FRIDAY, March 25, 2022 (HealthDay News) — Open surgery for radical hysterectomy offers early-stage cervical cancer patients a lower recurrence rate and a higher disease-free survival rate at 4.5 years than a minimally invasive surgical approach, according to the final results of the Laparoscopic Approach to Cervical Cancer (LACC) study presented at the Society of Gynecologic Oncology’s Annual Meeting on Women’s Cancer, held from March 18 to 21 in Phoenix.

Pedro Ramirez, M.D., from the University of Texas MD Anderson Cancer Center in Houston, and colleagues reported overall survival outcomes and subgroup analysis of 631 patients with early-stage cervical cancer who completed surveillance 4.5 years after radical hysterectomy (319 minimally invasive surgery [MIS] and 312 open surgery).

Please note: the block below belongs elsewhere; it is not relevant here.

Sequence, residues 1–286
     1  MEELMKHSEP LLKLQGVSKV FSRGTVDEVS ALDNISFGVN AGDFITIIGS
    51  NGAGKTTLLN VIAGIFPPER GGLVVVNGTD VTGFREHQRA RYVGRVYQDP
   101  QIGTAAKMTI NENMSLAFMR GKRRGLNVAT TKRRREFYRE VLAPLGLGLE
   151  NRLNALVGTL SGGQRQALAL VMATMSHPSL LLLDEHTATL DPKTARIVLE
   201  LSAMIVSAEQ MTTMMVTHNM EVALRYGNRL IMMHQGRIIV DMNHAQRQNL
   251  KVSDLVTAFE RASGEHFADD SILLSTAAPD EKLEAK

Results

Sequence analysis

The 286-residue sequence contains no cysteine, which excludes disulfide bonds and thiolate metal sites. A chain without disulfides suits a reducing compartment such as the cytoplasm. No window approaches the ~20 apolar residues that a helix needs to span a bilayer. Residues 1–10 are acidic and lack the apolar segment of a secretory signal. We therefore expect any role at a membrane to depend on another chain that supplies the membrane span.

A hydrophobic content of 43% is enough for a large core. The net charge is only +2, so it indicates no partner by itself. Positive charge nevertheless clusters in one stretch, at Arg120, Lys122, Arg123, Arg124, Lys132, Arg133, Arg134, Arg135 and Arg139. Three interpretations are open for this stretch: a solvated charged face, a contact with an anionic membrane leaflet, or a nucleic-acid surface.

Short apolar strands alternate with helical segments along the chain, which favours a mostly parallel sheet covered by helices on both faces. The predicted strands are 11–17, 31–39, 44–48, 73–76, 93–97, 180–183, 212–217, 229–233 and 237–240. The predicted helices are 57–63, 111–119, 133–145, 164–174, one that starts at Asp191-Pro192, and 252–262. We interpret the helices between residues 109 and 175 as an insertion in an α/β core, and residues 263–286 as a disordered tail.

The researchers found that the rate of disease-free survival was lower for MIS than open surgery (13.5 percent of MIS patients had disease at 4.5 years versus 3.5 percent of open surgery patients). MIS was associated with four-times higher recurrence rates versus the open approach.

“This final analysis of results from the LACC trial demonstrate that, despite being more invasive, open surgery offers these patients a lower recurrence rate and a better chance of disease-free survival than minimally invasive surgical approaches,” Ramirez said in a statement. “Our results from this subgroup analysis suggest that the likely reason for worse outcomes in patients who undergo MIS is tumor spillage or contamination, as worse outcomes are accentuated in patients with larger tumors and the rates of carcinomatosis are significantly higher in the MIS group.”

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